U.S. To Take in 7,000 Iraqi Refugees, Giving Women and Children Priority
In response to mounting international pressure, the United States has pledged to grant asylum to 7,000 Iraq war refugees, prioritizing the "most vulnerable," including women and children. The announcement came after the UN High Commission on Refugees (UNHCR) released estimates that 2 million Iraqis have fled since the war began in 2003, with another 40,000-50,000 leaving each month. An additional 1.8 million have been internally displaced. Up to now, only 600 Iraqis have been granted U.S. asylum.
The majority of displaced Iraqis are women and children, reports New York-based NGO Women's Commission for Refugee Women and Children, and they face particular dangers. "There are already reports of Iraqi women and young girls forced into prostitution … to survive," says executive director Carolyn Makinson. "It's time to make assisting displaced Iraqi women, children, and youth a global priority."
UNHCR head Antonio Guterres called the U.S.'s pledges "a good start," but added, 'The dimension of the problem is so huge that nothing is ever enough."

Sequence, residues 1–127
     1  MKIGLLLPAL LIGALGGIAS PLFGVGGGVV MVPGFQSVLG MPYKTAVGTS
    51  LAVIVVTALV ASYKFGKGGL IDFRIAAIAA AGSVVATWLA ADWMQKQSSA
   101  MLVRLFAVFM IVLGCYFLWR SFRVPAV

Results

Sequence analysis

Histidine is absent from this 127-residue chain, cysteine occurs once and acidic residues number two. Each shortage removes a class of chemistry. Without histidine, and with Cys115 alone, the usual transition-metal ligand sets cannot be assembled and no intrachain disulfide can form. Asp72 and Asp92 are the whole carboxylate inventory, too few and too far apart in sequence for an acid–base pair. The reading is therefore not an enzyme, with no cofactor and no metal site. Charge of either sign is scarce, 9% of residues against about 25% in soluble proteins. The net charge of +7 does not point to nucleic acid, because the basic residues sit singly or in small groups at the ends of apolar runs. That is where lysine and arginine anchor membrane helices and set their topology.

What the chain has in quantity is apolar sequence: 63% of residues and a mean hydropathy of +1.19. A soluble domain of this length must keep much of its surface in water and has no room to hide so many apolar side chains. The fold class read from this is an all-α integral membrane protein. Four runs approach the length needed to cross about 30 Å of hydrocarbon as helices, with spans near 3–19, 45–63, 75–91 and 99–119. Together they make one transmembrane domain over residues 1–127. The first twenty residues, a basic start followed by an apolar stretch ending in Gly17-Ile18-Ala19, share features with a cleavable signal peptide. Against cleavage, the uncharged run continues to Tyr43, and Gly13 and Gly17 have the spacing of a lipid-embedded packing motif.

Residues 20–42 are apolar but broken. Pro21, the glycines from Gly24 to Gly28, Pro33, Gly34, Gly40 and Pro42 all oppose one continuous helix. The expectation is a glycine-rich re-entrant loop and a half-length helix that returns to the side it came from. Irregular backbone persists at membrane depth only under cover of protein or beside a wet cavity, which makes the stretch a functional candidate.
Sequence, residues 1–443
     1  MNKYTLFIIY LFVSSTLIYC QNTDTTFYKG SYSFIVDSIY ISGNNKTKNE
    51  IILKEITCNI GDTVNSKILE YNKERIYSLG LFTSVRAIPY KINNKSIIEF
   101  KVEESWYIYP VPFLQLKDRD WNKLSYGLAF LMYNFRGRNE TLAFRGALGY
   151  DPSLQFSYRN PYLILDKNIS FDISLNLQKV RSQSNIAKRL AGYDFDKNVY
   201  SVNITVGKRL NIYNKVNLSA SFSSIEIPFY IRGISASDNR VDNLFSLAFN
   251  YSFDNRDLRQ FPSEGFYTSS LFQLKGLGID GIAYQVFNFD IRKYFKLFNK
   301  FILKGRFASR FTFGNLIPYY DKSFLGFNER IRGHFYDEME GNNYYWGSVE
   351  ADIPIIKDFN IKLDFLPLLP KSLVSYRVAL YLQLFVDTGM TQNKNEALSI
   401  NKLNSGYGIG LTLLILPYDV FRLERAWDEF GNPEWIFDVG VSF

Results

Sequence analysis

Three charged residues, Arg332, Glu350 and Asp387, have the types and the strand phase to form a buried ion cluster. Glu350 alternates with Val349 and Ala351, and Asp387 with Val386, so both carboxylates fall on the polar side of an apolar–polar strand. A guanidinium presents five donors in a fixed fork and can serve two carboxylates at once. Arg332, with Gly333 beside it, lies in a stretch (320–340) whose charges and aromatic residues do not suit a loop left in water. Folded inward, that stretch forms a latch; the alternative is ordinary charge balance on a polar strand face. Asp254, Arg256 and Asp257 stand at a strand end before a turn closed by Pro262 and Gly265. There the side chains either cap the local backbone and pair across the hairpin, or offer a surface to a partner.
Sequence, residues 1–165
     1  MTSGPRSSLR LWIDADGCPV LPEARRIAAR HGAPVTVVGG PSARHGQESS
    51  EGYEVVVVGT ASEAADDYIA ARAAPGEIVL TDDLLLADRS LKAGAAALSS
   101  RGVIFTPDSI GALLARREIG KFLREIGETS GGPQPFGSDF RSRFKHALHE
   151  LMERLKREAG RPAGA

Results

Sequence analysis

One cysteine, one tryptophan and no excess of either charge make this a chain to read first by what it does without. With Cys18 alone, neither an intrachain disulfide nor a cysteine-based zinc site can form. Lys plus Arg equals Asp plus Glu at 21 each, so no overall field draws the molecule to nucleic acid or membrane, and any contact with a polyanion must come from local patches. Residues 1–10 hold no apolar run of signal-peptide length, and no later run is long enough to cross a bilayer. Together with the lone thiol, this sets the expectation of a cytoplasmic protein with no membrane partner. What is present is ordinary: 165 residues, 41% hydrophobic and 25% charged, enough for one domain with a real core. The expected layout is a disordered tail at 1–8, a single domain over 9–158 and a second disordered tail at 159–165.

In Jordan, for example, a nation of only 6 million, an influx of 750,000 refugees has overwhelmed social services. A spokesperson for the Jordanian government said in reaction to the U.S. announcement, "Seven thousand Iraqi refugees is just 1 percent of the number we have."
Media Resources: AP 2/14/07; UNHCR January 2007; Women’s Commission for Refugee Women and Children 1/29/07
10/17/2014 Student Activists Across the Country Are Fighting Extreme Anti-Abortion Ballot Measures - In Tennessee, North Dakota, and Colorado - three states deciding ballot measures aimed at restricting birth control access and outlawing abortion in the upcoming election - student activists are mobilizing to get out the vote.
Members of student-ledFeminist Majority Leadership Alliancegroup Vanderbilt Feminists at Vanderbilt University have been working tirelessly to get out the word about Tennessee's Amendment 1, which would take the right of privacy for reproductive rights out of the state constitution and give local legislators the power to restrict access to abortion, even in the case of rape, incest, or to save the life of the woman, and outlaw many forms of birth control, such as the IUD or the pill. . . .